Up Close and Personal With Benjamin
Bratt His Private Life
Part 2: Benjamin Bratt's Role
as Husband and Father
And Other Thoughts
Benjamin Bratt co-starred with Sandra Bullock in
"Miss Congeniality." Courtesy Photo
ecap of Credits & Background: Benjamin Bratt has been
a successful actor for over two decades, winning an Independent Spirit
Award for his work as producer and star of "La Mission,"
written and directed by his younger brother Peter. The film also
earned a Best Indie Film nomination from the NAACP and
GLAAD, as well as multiple Imagen Awards for Best Picture
and Best Actor. His work in Piñero received high
praise while "Traffic" received five Academy Award
nominations and a Screen Actors Guild Award for Best Ensemble Cast.
Bratt has over 25 films to his credit some of which include:
"The River Wild," "Blood In, Blood Out," "Clear
and Present Danger," "Miss Congeniality," "Love
In The Time of Cholera," "Snitch," and did the voice
of Manny in "Cloudy with a Chance of Meatballs."
Bratt as Captain Ramirez in "Clear and Present
Danger." Courtesy Photo
Bratt first became most recognizable when
he co-starred with the late Jerry Orbach in the iconic "Law
& Order" series. Other television credits include: "The
Cleaner," "Private Practice," "Modern
Family," and "24: Live Another Day."
L-R: Peter Bratt directed his brother Benjamin in
"La Mission," for which he won an Independent Spirit Award.
Bratt in his award-wining role as Che Rivera in
"La Mission." Courtesy Photo
Bratt, the son of a Peruvian mother
and a father of English, German, and Austrian descent,
grew up in San Francisco where he attended Lowell High School,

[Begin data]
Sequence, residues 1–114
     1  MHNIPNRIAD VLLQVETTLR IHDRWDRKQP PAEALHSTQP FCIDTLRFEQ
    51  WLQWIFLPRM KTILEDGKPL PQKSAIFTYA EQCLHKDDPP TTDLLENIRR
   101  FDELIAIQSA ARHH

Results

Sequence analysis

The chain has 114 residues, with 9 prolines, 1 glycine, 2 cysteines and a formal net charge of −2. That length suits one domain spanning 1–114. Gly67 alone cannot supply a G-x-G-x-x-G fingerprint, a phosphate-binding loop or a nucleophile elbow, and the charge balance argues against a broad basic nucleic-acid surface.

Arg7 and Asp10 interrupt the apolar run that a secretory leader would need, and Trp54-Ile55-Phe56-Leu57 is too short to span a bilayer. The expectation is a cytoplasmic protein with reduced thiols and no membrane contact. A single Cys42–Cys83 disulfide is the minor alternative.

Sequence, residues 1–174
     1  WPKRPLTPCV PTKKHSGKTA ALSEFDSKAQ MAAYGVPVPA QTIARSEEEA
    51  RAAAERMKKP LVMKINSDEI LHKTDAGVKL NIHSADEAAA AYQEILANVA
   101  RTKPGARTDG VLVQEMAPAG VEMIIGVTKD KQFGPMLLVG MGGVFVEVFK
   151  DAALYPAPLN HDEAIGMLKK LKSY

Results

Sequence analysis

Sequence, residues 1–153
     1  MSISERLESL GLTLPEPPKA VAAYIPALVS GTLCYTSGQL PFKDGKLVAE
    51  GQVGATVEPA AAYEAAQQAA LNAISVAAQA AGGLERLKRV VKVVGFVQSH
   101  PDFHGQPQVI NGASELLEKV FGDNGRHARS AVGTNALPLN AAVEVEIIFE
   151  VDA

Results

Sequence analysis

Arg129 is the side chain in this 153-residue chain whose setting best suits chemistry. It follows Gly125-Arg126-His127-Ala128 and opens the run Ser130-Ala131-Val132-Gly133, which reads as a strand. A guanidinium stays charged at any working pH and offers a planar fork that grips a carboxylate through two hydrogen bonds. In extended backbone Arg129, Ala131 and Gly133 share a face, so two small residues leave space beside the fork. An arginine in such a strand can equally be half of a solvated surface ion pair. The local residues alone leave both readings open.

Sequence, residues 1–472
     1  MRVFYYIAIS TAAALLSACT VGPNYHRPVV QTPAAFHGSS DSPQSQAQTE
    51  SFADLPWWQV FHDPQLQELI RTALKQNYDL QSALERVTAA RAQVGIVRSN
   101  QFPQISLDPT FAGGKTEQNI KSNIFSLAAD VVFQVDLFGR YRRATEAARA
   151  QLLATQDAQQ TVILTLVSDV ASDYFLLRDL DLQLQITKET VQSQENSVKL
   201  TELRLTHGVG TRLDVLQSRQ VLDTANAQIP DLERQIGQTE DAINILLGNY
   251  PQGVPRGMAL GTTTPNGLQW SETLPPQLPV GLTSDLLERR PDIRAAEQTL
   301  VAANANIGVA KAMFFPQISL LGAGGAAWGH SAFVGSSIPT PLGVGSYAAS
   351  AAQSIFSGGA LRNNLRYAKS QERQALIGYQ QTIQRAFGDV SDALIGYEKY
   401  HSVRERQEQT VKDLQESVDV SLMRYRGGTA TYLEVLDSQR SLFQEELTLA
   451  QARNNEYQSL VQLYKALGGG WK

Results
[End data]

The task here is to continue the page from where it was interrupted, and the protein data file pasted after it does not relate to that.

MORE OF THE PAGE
continuing his education at the University of California at Santa
Barbara and received theatre training at the American Conservatory
Theater in San Francisco. He is married to actress Taliso
Soto, has two children, Sophia and Mateo, and resides
in Los Angeles.
1, Bratt discussed his method for developing the character of
the Colombian drug lord Robert Alcaino in his latest film,
"The Infiltrator," directed by Brad Furman and
written by his mother Ellen Brown Furman. The cast includes Bryan
Cranston, Lara Decaro, Juliet Aubrey, Olympia Dukakis, John Leguizamo,
Simon Andreu, Ruben Ochandiano, Joseph Gilgun, Yul Vasquez, Diane Kruger,
and Elena Anaya.
Part 2, is a continuation of a recent interview
conducted by several select journalists. The following has been edited
for content and continuity for print purposes.
Picking out a pumpkin from a local pumpkin
Did you relate to the family aspect of your character
of Colombian drug lord Robert Alcaino and undercover federal agent Bob
Mazur's character of Bob Musella?
Bratt: That parallel was quite easy for me. I am a shamelessly
doting father. I have a 13-year-old daughter and a 10-year-old son and
am in love with both of them as much as I'm in love with my wife. I
have to be honest. It takes a lot to get me up in the morning to go
to work. I fantasize about retiring.
Journalists: No. Don't do that! (Laughter)